But their actual point is quite biblical, and part of it is that God isn’t calling you to “do it all” in the world’s sense or even in our own personal mile-long to-do-list sense. The book constitutes a redefinition of “doing it all.”
Every day presents us with countless options for how to spend our time. However, only some are truly great deals. Only a few things are really important. […] It’s frequently these good things that distract us from the best things.
What obligations are we burdening ourselves with (or are others trying to load us down with) that God is not asking us to do?
Read the original posts:
- Simply Contemplate: Crazy Busy by Kevin DeYoung
- Shopping for Time: How to Do It All and NOT Be Overwhelmed by Carolyn Mahaney
Simple Sanity Saver: Scholé
Scholé is the Greek word from which the English school is derived. However, it’s a far cry from what passes as school these days. it’s translated as leisure, as the point and end-goal of any work we might do. We work in order to scholé, Aristotle says.
When we work in order to possess stuff, or worse yet, when we work in order to work more and better, our souls shrivel. We are not living as we were created to live. We were created to tend for relationship sake. When the fall ruined our orientation to work, God established 6 days of labor that culminated in a day of rest and gladness, a day of scholé, a day of worship. When Jesus rose from the dead and remade the world, the day of rest became Sunday, The Lord’s Day, the first day. We do not work to rest. We receive rest, leisure, wholeness in our worship, then from that blessing we go forth and tend the world. Rest should characterize our work, it is the energy behind our work, and always we return to it to be renewed. It’s not an earned rest, a vacation rest, it is a mindful, worshipful, received rest that God gives to us as a gift.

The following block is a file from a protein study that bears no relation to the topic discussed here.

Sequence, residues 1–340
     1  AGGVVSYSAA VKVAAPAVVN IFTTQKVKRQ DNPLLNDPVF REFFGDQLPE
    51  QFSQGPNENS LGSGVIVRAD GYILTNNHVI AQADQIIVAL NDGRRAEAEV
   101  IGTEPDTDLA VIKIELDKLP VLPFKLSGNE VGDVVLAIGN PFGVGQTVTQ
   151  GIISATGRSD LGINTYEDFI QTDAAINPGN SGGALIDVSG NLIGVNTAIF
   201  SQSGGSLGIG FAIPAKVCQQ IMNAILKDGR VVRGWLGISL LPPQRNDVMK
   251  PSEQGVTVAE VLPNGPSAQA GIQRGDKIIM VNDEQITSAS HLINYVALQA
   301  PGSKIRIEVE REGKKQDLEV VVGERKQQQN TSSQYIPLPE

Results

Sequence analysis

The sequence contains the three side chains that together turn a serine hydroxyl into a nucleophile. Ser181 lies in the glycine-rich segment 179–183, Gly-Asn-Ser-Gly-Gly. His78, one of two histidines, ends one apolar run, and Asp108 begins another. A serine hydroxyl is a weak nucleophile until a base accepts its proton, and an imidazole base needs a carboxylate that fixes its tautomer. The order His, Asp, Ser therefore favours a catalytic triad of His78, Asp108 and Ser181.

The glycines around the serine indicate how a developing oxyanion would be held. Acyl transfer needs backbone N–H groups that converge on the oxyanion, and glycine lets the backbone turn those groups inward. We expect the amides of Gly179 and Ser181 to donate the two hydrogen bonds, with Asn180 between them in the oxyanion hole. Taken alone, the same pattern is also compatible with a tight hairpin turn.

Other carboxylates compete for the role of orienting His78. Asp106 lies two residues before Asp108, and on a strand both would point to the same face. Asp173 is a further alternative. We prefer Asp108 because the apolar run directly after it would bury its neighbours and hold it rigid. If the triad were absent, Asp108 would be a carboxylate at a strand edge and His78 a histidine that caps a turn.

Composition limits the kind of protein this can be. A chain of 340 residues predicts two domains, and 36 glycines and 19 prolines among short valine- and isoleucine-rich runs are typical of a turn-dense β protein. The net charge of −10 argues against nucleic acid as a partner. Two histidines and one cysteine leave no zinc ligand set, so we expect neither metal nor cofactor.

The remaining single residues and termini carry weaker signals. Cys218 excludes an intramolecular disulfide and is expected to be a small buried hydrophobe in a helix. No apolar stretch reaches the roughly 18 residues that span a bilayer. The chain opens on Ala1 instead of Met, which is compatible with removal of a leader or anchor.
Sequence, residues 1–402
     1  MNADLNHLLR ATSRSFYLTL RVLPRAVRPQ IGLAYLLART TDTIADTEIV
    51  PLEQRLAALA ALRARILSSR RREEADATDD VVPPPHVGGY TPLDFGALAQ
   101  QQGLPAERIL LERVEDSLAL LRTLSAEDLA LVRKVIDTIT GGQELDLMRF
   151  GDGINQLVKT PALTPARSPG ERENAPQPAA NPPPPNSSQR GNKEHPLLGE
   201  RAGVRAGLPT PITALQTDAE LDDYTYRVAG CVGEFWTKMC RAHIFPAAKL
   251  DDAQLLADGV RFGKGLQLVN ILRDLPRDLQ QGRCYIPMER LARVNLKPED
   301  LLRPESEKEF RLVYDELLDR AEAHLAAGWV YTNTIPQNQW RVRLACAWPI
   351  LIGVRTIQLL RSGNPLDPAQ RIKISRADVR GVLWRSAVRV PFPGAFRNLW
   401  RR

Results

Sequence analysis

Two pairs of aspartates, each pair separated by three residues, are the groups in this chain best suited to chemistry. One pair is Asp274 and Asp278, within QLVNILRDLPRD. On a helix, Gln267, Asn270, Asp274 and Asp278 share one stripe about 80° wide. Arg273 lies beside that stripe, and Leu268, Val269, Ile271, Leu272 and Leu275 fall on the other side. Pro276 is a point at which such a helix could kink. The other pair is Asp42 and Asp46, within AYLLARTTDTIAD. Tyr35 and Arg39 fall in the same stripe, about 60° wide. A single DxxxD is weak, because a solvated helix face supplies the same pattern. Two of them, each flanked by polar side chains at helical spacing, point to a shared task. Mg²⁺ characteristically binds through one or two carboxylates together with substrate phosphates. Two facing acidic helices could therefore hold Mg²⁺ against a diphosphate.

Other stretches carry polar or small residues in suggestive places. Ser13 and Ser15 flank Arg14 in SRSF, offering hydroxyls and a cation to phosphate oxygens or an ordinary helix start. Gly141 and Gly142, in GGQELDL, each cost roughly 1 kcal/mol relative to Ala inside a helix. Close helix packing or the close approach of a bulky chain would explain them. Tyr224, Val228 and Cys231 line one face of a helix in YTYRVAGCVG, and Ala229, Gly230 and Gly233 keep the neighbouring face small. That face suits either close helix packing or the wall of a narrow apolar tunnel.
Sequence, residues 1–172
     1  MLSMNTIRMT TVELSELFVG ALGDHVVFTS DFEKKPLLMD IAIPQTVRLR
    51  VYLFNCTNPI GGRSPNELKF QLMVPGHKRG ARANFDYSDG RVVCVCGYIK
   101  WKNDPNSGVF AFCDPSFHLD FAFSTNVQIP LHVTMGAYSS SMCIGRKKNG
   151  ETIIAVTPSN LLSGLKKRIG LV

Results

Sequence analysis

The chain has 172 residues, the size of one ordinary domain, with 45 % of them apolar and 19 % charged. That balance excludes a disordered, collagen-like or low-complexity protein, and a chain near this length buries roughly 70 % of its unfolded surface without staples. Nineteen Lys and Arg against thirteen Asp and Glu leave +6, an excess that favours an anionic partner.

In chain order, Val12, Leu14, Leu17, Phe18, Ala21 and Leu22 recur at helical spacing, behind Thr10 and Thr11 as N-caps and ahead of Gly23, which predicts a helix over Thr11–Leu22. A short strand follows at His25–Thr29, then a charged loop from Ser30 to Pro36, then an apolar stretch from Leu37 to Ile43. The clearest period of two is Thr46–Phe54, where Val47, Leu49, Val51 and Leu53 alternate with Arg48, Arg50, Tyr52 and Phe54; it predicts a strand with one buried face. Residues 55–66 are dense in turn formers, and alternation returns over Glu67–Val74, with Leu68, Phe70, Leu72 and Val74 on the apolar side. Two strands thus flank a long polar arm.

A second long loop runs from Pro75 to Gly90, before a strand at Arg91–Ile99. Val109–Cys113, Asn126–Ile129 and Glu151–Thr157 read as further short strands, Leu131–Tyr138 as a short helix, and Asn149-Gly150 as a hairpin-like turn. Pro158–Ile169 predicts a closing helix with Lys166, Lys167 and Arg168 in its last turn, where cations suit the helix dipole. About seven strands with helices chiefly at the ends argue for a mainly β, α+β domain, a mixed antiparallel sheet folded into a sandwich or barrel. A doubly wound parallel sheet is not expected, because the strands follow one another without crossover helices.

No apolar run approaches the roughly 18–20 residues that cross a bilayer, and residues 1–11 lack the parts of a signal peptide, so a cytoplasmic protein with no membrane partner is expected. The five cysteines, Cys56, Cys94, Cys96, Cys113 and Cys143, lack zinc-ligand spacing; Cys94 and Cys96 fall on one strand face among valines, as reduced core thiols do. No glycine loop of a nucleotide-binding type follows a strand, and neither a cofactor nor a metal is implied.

Let us walk in that grace rather than try to earn our own rest.